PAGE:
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Excerpted From: Jazmine Langley, Light in a Dark Tunnel? Torres V. Madrid: Recommitment to the Fourth Amendment and One Step Towards Justice for African-American Victims of Police Violence, 44 North Carolina Central Law Review 81 (2022) (99 Footnotes) (Full Document)


JazmineLangleyHow does a Fourth Amendment seizure occur? Does it occur when the government intentionally terminates an individual's movement or when there is an application of force with an intent to restrain a person? Does it matter if the person being seized is successfully controlled, captured, or restrained? Recently, this topic has come under significant scrutiny in the wake of police excessive force being used disproportionately against African-Americans. State courts did not agree about what is required to effectuate a Fourth Amendment seizure, creating a circuit split that lead to the Torres decision. Torres settled the circuit split in favor of protecting an individual's ability to exercise the fullest extent of his or her Fourth Amendment right to be free of unreasonable seizures by the government.

Before the Torres decision, there were two competing definitions of what effectuated a seizure. These two definitions appeared in two opinions--both of which were authored by Justice Antonin Scalia. The first arose in Brower v. County of Inyo in 1989 when the Court held that a seizure occurs “only when there is a governmental termination of freedom of movement through means intentionally applied.” This definition mirrored the longstanding common law definition of a seizure of property, which requires “taking possession” of the property and implies “actual custody or control.” By contrast, the second was articulated in California v. Hodari in 1991 when the Court held that a physical seizure requires physical force with an intent to restrain and not necessarily the successful capturing of the individual. The Brower standard requires terminating an individual's movement whereas the Hodari standard articulates that a seizure can occur even if a person flees.

The objective of this case note is to explore the constitutional and practical significance of the Torres decision. The case note will begin by examining the Court's decision in Torres. The note will then go on to discuss the status of the law and the circuit split of authority prior to Torres. Next, the note will explain how the Torres decision signifies a recommitment to the fullest extent of protection guaranteed by the text of the Fourth Amendment. This is especially significant because it is a step towards dismantling the efforts by the Fourth, Ninth, and Eleventh Circuits to control and limit who can challenge police misconduct and bring excessive force claims, which is unwarranted by the text of the Fourth Amendment. Finally, the note will discuss how Torres represents a step towards justice for African-Americans, who are most subjected to police violence, because it removes a significant hurdle blocking their ability to check police misconduct.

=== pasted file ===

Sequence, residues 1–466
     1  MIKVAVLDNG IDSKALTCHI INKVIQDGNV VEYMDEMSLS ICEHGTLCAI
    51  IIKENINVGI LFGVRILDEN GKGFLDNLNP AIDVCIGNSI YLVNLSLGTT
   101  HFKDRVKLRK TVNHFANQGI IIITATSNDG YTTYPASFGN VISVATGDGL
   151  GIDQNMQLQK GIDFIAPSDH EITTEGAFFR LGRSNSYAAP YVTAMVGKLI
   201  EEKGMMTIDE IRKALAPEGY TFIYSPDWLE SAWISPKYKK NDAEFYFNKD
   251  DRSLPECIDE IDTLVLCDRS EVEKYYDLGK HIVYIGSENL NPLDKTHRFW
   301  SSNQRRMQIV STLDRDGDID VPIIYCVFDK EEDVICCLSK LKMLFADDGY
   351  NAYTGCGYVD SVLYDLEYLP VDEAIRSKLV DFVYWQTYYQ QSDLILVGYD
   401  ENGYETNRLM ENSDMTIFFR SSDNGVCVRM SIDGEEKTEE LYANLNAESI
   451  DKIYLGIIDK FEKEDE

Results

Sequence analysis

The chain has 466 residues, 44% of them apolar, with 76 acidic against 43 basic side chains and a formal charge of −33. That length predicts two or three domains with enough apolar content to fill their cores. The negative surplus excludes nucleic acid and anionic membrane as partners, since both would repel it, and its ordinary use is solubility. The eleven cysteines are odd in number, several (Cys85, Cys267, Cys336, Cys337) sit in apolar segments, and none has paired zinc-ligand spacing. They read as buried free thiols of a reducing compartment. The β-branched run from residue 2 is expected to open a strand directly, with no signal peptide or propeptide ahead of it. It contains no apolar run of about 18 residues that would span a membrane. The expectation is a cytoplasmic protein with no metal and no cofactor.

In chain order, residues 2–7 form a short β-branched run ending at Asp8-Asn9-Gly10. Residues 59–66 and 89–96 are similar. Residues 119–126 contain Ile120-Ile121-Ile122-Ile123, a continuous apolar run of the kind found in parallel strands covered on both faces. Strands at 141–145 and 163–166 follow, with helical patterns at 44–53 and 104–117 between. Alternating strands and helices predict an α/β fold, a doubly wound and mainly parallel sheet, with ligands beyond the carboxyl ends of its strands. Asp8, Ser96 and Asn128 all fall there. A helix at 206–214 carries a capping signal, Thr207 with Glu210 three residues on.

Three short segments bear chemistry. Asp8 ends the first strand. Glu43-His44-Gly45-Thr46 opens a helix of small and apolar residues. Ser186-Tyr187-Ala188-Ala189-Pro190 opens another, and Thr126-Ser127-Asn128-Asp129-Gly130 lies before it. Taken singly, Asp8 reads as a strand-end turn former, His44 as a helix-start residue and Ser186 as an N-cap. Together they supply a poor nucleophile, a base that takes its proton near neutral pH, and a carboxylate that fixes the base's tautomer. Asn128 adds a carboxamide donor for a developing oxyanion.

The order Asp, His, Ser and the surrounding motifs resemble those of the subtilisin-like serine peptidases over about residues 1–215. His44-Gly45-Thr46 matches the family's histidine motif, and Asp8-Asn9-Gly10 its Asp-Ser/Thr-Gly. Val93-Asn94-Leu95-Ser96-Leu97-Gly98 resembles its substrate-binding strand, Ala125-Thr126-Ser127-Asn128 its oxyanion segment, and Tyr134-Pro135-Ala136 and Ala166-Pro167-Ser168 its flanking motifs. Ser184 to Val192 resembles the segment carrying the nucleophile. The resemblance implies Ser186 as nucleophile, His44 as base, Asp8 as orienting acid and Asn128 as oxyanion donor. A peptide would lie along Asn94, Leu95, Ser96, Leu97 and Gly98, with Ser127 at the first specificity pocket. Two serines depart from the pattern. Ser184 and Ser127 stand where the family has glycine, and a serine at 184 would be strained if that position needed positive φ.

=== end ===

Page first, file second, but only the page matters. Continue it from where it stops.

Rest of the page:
The Case

Torres arises from an appeal of a 42 U.S.C. § 1983 action based on events that occurred July 15, 2014. That day, four officers of the New Mexico State Police drove to an apartment complex in Albuquerque to execute an arrest warrant for a woman who had allegedly committed several white--collar crimes and was suspected of being involved in drug trafficking, murder, and other violent crimes. The officers observed Roxanne Torres (“Torres”) standing near a Toyota FJ Cruiser in the parking lot of the apartment complex and concluded that she was not who they were looking for. Nonetheless, the officers approached the vehicle and attempted to speak to Torres, who was experiencing methamphetamine withdrawals. Since Torres was getting in the driver's seat as the officers approached, she did not notice them until they attempted to open her car door. Although the officers were in police uniform, Torres only saw that they possessed guns and immediately assumed they were carjackers trying to steal her car. Thus, Torres sped off, attempting to escape them.